A community-based cervical screening strategy plays an important role to reduce cervical cancer incidence worldwide  . Cervical intraepithelial neoplasia typically develops into invasive cancer over a 10-year period and apparent cases of rapidly progressive cervical cancer are likely to be among women who have escaped screening and proper follow-up  -  . The cervical screening, currently cytology, is a routine screening test used for the detection of early cervical abnormalities, namely precancerous dysplastic changes of the uterine cervix  -  . The screening is a relatively simple, low cost and noninvasive method. Together with transvaginal ultrasonography for detection of ovarian and uterine tumors, the routine screening reduces the probability of developing gynecological malignant diseases.
In many countries, undergoing cancer screening is not mandatory but voluntary. Some systemic review found a positive association of an awareness of the mortality rates associated gynecological cancer, educational level and financial status with gynecological malignant diseases attendance    . The level of knowledge and attitude toward screening are related to multiple factors such as ethnicity, place of residence, income, and social-economic status      . In Japan, there are unique facilities (namely Ningen Dock) of health check-up provide asymptomatic participants a medical examination including gynecological cancer screening activities at their own expense. Our previous exploratory study based on data from the 2002-2010 Ningen Dock suspected very low incidence of abnormal cytologic and/or ultrasonographic findings in this population  . To accomplish the hypothesis, we aim to determine the recent (2011-2016) medical records of Ningen Dock.
Between January 2011 and December 2016, 8927 asymptomatic women, age 18 - 85, visited the Ningen Dock in Matsunami General Hospital for their gynecological health check-up. The women underwent medical evaluations including a medical history, physical examination, blood sampling, urine sampling and radiological imaging as part of a routine health check-up and cancer screening. The cost was not covered by the social insurance.
All of these participants underwent gynecologic examinations including routine cancer screening (Papanicolaou test), transvaginal ultrasonography, and pelvic examination by a gynecologist. All participants provided written informed consents against these examination protocols, and the institutional ethics committee approved the procedure. Cervical and endometrial smears were taken using a speculum and brush and classified into 9 categories: normal, low-grade squamous intraepithelial lesions (LSIL), high-grade squamous intraepithelial lesions (HSIL), atypical squamous cells of undetermined significance (ASC-US), atypical squamous cells cannot exclude HSIL (ASC-H), squamous carcinoma, atypical glandular cells (AGC), adenocrcinoma in situ (AIS), adenocarcinoma and other malignant neoplasms. The endometrial cytological findings were divided into four categories: normal endometrium, benign endometrial abnormality, atypical endometrial cell, and suspected endometrial carcinoma. When classified as inadequate, the participants were soon resubmitted to smear examination. Their records of gynecologic findings were retrospectively reviewed. Data and statistical analyses were done with Excel 2011 (Microsoft Corp., Redmond, WA, USA).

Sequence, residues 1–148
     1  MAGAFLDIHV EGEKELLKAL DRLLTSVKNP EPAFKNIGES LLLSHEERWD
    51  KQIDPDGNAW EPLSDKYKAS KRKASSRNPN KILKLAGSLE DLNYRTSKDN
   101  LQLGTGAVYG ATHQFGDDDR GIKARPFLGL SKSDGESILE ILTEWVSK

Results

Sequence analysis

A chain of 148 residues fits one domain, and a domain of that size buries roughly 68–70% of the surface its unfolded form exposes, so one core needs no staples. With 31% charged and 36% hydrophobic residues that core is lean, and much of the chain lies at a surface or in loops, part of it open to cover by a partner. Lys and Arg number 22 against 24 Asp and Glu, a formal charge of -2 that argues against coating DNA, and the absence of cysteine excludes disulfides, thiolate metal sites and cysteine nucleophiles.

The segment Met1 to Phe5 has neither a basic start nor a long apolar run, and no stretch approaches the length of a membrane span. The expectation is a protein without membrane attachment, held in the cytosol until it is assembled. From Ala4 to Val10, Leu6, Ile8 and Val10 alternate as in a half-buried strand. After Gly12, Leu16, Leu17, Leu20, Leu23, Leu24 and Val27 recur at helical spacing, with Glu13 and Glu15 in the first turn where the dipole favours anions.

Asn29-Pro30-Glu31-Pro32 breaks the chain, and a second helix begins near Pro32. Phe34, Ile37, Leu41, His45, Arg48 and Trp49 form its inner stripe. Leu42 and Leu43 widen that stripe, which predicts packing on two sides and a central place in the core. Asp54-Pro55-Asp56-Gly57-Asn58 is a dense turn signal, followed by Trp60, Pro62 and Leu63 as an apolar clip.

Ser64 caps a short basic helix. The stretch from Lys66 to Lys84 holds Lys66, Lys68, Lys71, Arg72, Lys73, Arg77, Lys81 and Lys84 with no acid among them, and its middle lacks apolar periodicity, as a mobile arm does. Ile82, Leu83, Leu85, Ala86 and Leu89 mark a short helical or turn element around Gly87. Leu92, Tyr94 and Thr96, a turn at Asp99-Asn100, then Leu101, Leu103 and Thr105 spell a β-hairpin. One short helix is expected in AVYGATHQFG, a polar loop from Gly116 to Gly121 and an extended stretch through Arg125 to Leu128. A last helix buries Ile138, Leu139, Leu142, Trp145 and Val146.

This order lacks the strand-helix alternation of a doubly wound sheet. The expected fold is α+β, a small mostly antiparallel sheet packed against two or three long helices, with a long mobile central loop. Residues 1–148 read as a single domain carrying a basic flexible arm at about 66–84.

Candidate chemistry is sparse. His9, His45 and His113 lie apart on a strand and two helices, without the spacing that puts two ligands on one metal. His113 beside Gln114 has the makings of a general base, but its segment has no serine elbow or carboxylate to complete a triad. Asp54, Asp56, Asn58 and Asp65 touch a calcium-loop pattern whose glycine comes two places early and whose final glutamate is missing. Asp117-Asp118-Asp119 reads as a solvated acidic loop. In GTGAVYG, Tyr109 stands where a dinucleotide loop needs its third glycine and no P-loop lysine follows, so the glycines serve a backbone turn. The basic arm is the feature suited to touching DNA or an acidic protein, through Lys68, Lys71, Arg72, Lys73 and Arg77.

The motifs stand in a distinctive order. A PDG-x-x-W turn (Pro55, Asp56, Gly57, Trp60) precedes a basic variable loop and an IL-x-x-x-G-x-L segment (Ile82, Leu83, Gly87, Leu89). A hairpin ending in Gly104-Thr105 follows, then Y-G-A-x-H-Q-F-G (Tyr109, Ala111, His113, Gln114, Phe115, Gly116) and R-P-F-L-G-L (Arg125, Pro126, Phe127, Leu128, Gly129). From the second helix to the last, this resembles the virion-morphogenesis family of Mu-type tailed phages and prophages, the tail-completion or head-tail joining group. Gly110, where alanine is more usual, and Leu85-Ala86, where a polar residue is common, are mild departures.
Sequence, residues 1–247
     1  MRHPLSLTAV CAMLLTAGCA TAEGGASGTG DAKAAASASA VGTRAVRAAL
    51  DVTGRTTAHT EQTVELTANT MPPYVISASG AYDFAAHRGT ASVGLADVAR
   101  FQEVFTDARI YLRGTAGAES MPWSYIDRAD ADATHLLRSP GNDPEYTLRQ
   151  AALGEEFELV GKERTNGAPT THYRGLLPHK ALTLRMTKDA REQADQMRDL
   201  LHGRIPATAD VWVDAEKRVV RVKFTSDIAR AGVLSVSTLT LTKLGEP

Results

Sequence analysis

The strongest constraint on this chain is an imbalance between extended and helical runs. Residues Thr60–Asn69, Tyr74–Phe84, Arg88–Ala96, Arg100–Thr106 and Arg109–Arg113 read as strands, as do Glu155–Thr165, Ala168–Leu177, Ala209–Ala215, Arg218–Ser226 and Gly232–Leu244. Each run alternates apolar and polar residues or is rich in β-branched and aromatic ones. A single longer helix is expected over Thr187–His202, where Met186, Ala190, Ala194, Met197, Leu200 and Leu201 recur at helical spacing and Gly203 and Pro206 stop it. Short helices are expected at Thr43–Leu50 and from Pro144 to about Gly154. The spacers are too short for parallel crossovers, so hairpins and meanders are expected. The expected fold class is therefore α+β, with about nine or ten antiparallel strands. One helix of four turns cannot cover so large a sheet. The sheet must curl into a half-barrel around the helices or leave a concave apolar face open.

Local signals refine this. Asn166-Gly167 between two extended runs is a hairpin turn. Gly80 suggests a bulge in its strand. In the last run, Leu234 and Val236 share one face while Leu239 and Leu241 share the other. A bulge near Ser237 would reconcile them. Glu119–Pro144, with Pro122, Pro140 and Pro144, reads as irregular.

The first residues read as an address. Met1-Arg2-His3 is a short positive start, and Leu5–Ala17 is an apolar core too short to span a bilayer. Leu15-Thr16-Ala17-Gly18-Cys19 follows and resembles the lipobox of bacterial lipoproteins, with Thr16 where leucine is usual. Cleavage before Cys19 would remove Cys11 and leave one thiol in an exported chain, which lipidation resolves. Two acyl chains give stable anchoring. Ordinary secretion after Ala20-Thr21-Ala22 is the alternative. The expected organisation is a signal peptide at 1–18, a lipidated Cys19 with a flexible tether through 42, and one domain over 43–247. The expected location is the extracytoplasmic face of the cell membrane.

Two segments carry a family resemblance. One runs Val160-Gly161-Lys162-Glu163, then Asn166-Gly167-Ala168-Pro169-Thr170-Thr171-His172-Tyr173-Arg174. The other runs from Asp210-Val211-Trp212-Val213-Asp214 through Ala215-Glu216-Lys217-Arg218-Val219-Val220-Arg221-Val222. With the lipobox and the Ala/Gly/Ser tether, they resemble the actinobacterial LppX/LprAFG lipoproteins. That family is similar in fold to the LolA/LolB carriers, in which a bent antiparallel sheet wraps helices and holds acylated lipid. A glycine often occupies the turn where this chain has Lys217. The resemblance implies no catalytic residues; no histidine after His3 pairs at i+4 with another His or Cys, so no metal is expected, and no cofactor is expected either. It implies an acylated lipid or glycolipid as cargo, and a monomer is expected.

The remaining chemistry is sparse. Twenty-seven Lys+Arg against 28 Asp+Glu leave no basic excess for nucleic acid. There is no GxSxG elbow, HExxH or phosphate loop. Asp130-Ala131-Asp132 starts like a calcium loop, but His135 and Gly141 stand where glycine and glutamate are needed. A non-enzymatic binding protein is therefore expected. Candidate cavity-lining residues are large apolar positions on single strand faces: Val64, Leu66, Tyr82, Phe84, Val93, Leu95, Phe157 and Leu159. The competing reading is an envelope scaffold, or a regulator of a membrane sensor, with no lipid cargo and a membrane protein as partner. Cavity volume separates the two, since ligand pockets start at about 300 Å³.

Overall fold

Table 1 shows the cytologic and ultrasonografic findings of all subjects distributed by age class. Of the cervical smears, 50 (0.6%) were classified as abnormal. Low-grade cervical abnormalities were seen in 49 cases: 28 cases were classified as LSIL and HSIL, 21 were ASC-US. One malignant case was detected within this study period. No case of cervical adenocarcinoma was found. None of the categories were clustered in any specific age group.
The most frequently detected gynecologic finding was uterine enlargement, with a peak reaching approximately 17% - 19% for age groups 40 - 49 and 50 - 59 years. After 60 years, the frequency of uterine abnormalities decreased (Table 1). Ovarian tumor was detected in 4.3% to 9.3% of those aged 30 to 59 years, while those aged over 60 years showed less frequent. Table 1 summarized all other abnormal findings pointed out. No gynecologic abnormality was detected in 95.6% of cases. There was no special findings about the other medical history, physical examination, blood sampling, urine sampling (data not shown).
The cervical and endometrial smears are widely used routine tests with many benefits, especially in detecting early cervical changes that can be treated to limit dysplastic processes developing into cancer. The previous literatures found squamous intraepithelial lesion SIL in 3% - 8% of women aged 20 - 29 years and
Table 1. Gynecologic findings of participants distributed by age group.